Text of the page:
We, the rebels

2019 / 2021

“This is our darkest hour. Humanity finds itself embroiled in an event unprecedented in its history…The science is clear: we are in the sixth mass extinction event and we will face catastrophe if we do not act swiftly and robustly…We, in alignment with our consciences and our reasoning, declare ourselves in rebellion against our Government and the corrupted, inept institutions that threaten our future…We refuse to bequeath a dying planet to future generations by failing to act now. We act in peace, with ferocious love of these lands in our hearts. We act on behalf of life.”

                   (Declaration of Rebellion – Extinction Rebellion)


Roger Hallam, researcher at King’s College of London and Gail Bradbrook, molecular biophysics researcher at the University of Manchester, founded Extinction Rebellion in 2018, a non-violent socio-political movement to prevent climate change, halt biodiversity loss and minimise the risk of human extinction and ecological collapse.

A movement that uses maths as a tool to plan protests and measure their effectiveness. The founders spent years studying the history of social protests from 1900 until today, each time extrapolating the key factors that led to success or failure. From this data they create the protest algorithm, thanks to which they build the strategy of their actions.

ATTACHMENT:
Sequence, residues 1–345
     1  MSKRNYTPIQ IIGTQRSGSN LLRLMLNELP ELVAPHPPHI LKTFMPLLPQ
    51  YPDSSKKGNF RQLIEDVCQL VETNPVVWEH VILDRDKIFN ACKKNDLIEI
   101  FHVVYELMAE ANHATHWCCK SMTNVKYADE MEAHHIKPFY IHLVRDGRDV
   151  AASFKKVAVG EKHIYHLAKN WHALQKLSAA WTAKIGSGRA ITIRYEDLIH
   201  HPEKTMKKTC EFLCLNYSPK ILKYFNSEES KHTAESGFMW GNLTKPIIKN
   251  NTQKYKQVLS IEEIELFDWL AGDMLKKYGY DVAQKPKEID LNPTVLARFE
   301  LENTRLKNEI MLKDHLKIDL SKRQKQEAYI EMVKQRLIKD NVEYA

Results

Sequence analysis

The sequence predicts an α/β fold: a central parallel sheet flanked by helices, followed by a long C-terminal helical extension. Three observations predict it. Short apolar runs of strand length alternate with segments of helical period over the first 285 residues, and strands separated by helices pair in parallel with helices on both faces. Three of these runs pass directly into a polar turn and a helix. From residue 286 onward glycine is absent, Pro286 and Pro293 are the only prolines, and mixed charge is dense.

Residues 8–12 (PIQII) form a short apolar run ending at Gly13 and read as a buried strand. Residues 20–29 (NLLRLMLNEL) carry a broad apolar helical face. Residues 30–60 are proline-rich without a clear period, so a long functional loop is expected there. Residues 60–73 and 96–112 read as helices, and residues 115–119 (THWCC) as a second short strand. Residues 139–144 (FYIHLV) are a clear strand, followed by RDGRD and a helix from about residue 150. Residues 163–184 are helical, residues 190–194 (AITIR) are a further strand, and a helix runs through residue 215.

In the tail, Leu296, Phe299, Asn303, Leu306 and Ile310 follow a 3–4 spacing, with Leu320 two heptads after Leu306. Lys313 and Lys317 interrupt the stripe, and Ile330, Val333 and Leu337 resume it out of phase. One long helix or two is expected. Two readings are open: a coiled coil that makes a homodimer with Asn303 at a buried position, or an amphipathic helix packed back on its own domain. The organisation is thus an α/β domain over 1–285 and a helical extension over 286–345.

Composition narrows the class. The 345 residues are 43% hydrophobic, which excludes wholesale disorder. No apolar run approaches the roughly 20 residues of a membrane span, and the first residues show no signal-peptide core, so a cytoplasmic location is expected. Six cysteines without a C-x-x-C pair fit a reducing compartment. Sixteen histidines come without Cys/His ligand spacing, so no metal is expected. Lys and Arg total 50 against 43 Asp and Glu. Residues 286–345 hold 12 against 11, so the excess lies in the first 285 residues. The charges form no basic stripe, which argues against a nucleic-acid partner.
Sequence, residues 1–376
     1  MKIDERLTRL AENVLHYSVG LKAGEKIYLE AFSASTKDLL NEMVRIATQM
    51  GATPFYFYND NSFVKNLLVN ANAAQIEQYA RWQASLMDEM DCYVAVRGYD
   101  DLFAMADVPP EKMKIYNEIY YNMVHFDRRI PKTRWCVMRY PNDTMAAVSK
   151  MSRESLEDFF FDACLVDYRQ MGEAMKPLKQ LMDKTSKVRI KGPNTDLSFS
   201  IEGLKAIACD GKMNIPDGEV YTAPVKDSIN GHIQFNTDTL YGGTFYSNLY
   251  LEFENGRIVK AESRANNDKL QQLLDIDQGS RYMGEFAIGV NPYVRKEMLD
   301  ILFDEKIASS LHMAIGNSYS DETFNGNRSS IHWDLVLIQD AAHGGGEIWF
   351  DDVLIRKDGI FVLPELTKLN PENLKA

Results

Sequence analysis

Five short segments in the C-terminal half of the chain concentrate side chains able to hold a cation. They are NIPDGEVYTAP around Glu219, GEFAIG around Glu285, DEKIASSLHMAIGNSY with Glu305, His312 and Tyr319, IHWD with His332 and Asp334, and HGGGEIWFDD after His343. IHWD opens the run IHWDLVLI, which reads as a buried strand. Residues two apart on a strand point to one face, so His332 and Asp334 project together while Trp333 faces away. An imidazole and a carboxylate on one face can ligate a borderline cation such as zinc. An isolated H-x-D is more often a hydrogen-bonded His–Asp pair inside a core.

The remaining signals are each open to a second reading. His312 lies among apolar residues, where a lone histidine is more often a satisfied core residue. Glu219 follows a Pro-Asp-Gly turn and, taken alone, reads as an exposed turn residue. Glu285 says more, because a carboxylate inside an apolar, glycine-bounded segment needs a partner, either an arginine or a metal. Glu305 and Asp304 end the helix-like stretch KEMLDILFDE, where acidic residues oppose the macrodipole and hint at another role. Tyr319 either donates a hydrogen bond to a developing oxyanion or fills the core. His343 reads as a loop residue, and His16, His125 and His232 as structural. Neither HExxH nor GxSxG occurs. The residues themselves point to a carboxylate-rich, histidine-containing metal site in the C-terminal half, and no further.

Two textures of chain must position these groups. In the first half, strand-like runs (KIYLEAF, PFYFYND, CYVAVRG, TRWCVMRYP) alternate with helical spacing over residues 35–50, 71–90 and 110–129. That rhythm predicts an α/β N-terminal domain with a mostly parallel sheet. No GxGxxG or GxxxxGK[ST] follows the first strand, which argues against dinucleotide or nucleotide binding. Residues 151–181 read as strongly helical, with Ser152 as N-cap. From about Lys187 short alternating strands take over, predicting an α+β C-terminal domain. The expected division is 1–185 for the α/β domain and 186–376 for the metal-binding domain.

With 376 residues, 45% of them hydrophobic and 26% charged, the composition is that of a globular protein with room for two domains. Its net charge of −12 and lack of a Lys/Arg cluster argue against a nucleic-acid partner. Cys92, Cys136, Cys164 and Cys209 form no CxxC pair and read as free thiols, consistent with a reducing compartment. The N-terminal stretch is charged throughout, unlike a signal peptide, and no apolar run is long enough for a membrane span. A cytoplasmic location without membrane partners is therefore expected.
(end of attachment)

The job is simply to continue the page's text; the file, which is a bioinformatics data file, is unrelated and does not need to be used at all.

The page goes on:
Extinction Rebellion protests, considered acts of civil disobedience and inspired by movements based on non-violence, paralyze cities, involving tens of thousands people all around the world. Blocked bridges, human chains, artistic performances and activists lying down and glued to streets and subways. In London during one of the international rebellions, Scotland Yard police arrested thousands of people whom Boris Johnson, Prime Minister of the United Kingdom, described as “Rebels, uncooperatives crusties living in bivouacs that smell of hemp“.

Activists ask politics to tell the truth about the ecological emergency, to zero carbon emissions by 2025 and to make a national citizens’ assembly operational to oversee regime change as part of the creation of a new democracy.

They believe in a regenerative, healthy, resilient and adaptable culture that takes care of the planet and life, as the most effective way to create a thriving future for all humanity, constantly improving in small steps to heal and progress, as individuals and as a community.